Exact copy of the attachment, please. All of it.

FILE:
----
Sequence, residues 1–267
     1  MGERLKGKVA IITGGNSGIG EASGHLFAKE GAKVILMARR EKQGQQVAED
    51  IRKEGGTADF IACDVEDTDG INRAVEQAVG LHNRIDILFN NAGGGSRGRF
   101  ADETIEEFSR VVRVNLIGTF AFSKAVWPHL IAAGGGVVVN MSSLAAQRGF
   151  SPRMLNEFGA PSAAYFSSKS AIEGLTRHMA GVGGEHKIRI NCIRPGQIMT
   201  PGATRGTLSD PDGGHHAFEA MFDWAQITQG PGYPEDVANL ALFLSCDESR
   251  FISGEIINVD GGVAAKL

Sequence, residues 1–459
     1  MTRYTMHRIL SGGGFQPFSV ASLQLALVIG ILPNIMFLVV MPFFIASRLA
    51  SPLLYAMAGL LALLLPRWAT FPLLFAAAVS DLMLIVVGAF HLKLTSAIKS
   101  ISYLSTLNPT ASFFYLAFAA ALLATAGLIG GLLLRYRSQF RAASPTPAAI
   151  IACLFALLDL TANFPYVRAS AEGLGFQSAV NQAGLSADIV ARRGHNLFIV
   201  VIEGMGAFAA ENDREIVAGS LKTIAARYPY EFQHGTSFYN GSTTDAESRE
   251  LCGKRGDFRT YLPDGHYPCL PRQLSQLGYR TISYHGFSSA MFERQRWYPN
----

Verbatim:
Sequence, residues 1–267
     1  MGERLKGKVA IITGGNSGIG EASGHLFAKE GAKVILMARR EKQGQQVAED
    51  IRKEGGTADF IACDVEDTDG INRAVEQAVG LHNRIDILFN NAGGGSRGRF
   101  ADETIEEFSR VVRVNLIGTF AFSKAVWPHL IAAGGGVVVN MSSLAAQRGF
   151  SPRMLNEFGA PSAAYFSSKS AIEGLTRHMA GVGGEHKIRI NCIRPGQIMT
   201  PGATRGTLSD PDGGHHAFEA MFDWAQITQG PGYPEDVANL ALFLSCDESR
   251  FISGEIINVD GGVAAKL

Sequence, residues 1–459
     1  MTRYTMHRIL SGGGFQPFSV ASLQLALVIG ILPNIMFLVV MPFFIASRLA
    51  SPLLYAMAGL LALLLPRWAT FPLLFAAAVS DLMLIVVGAF HLKLTSAIKS
   101  ISYLSTLNPT ASFFYLAFAA ALLATAGLIG GLLLRYRSQF RAASPTPAAI
   151  IACLFALLDL TANFPYVRAS AEGLGFQSAV NQAGLSADIV ARRGHNLFIV
   201  VIEGMGAFAA ENDREIVAGS LKTIAARYPY EFQHGTSFYN GSTTDAESRE
   251  LCGKRGDFRT YLPDGHYPCL PRQLSQLGYR TISYHGFSSA MFERQRWYPN